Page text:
The Grav-ity of Change

Share this post

Change has come slowly but steadily to the foods we’ve eaten over the last 70 years. While there  has been no acute onset to clearly demonstrate the difference between the food of today and  yesterday, if you take a look at local agriculture, you can see the fingerprint of change in all partsof the U.S.

In the 1940s, Northern California’s Sonoma County had thousands of Gravenstein apple orchards.  During World War II, American troops were given Gravenstein applesauce and dried Gravenstein  apples from the region. This put Sebastopol (the hub of the Gravenstein’s growing region) on the  map. Over the years, however, the Gravenstein has waned in popularity. It has a short growing  season and doesn’t store for long periods like other more commercially viable apples. Most of its  acreage was torn out and replaced with more profitable wine grapes. Today the apples are grown  on less than 1,000 acres in Sonoma County. (See the Los Angeles Times’ recent piece, "The Future  of Gravenstein Apples Hangs by a Thin Stem"). The slow change to our food culture has made this apple an endangered species.

The Gravenstein is a unique, delicious apple prized for its sweet-tart flavor. It’s considered an  heirloom: a wisp of food memory that curls over our senses, leaving us with a culinary tale of  yesteryear that starts with a smile and finishes with a bittersweet sigh. Experiencing Gravensteins  opens a door into the magic of another time—it’s a world of narrow-gauge railroad track through  open orchards; flat-bed trucks holding wide, wooden boxes filled with red-and-green striped  apples; the smell of cider and soil on a cool morning under fog-licked blue skies”¦.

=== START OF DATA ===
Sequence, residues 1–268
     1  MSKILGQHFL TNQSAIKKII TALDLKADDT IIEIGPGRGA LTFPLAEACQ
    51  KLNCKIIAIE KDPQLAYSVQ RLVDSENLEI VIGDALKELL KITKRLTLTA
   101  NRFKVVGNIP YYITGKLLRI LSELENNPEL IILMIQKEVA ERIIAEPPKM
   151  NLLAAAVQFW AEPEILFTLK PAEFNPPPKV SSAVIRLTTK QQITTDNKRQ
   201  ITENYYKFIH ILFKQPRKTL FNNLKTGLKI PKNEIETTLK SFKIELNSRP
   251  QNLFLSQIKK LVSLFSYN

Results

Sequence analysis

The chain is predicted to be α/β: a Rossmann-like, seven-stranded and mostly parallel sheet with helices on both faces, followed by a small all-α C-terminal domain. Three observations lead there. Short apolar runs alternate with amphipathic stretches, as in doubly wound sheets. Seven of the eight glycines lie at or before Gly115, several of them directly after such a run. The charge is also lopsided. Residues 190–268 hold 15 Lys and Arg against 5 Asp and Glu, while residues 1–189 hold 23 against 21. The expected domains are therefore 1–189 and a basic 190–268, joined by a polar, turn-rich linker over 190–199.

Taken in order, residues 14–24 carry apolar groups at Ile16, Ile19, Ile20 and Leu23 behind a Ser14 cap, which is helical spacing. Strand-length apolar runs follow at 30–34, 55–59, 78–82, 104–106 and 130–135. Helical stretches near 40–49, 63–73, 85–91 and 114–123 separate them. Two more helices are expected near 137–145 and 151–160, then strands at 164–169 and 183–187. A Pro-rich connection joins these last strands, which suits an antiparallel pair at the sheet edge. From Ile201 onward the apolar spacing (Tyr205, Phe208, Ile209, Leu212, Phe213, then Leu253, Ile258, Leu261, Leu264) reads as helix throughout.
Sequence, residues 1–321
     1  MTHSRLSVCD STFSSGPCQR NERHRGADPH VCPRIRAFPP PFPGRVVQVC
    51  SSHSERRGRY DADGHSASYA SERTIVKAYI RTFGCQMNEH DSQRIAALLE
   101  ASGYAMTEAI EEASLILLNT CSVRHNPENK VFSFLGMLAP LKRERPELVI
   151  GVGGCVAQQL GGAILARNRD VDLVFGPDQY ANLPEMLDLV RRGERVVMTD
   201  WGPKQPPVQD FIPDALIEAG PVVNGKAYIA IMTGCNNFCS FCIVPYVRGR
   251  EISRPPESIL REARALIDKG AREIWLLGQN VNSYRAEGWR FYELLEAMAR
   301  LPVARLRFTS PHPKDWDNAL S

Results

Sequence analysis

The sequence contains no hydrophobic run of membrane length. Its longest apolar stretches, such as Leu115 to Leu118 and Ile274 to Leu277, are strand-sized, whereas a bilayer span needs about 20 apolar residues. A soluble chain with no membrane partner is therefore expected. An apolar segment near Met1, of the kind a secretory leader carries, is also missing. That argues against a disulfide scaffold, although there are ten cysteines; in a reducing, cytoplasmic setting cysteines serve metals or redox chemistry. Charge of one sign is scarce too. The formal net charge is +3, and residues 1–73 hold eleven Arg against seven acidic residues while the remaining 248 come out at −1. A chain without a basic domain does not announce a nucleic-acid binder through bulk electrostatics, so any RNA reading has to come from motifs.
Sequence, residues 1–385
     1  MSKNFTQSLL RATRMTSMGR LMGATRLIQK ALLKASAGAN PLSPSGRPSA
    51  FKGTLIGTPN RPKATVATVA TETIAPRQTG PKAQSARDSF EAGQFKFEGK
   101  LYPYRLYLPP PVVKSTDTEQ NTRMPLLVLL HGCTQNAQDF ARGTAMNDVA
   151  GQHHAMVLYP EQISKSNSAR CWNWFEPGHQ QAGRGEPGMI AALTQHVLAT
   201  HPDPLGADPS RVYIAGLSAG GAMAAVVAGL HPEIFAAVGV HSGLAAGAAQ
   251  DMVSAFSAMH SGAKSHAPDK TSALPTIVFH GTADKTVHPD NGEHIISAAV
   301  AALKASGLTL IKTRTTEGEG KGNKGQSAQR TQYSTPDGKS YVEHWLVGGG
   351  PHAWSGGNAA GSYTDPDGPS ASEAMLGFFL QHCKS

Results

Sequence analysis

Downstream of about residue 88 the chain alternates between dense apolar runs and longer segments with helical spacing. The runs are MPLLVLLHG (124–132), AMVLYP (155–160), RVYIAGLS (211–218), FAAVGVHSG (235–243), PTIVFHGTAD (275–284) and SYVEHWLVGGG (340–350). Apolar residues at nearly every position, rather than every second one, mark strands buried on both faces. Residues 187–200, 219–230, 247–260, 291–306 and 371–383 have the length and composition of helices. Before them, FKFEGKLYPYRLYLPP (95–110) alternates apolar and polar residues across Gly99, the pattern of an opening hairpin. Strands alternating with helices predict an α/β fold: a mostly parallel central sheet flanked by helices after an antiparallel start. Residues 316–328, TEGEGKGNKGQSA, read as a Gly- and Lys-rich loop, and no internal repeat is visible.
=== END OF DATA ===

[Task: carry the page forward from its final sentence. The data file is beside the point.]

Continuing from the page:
You can help save the Gravenstein apple and celebrate its history. The FruitGuys is supporting the  last organic growers of Gravenstein apples in Sebastopol by offering a 5-pound box of Gravensteins  sent directly to you. Visit fruitguys.com/gravenstein for more information. The boxes are only $20,  and shipping may be included, depending on your location. We’re offering them at the height of  their season—the weeks of August 15 and August 22, 2011. The season is short, so don’t wait.

As always, please check our Mix pages to find out exactly what you’re eating and where it was  grown.

Enjoy & be fruitful!

 

 

Subscribe to the WEEKLY BITE

* indicates required

 

Recent The FruitLife articles:

Summer fruit varieties and when you’ll be seeing them
July 9, 2019
Beehives, swales, and vermicomposting, oh my!
April 29, 2019
Spring fruit varieties and how to enjoy them
April 16, 2019
A tribute to the “Lemon Lady” of Redwood City
March 11, 2019
The FruitGuys New Year’s poem
January 8, 2019
Sowing the seeds of entrepreneurship
October 31, 2018
Give the delicious gift of farm-fresh fruit and healthy snacks
October 4, 2018
Summer to fall transition brings new fruit into the rotation
October 2, 2018
Bring some fruitful fun to your workplace on Tuesday, October 2
September 27, 2018
Farmer suicide is a public health threat and could hurt our food supply
August 14, 2018

More recent articles:

Summer muffin recipe
July 18, 2019
Assumptions can harm both recruiters and job seekers
July 16, 2019
Simple summer salad dressing recipes
July 11, 2019
Easy summer pasta recipe
July 4, 2019
How to create a dress code that works all year
July 2, 2019
More employers are getting serious about time off
June 27, 2019
Food:
Two Easy Recipes for Canning Stone Fruit
June 25, 2019
Food:
The health benefits of honeydew melon
June 20, 2019
Food:
The delicate flavors of white peaches and nectarines
June 13, 2019
Don’t let plantar fasciitis pain break your stride
June 11, 2019

About Us

Our online magazine offers a taste of workplace culture, trends, and healthy living. It features recipes for easy, delicious work meals and tips on quick office workouts. It's also an opportunity to learn about our GoodWorks program, which helps those in need in our communities and supports small, sustainable farms.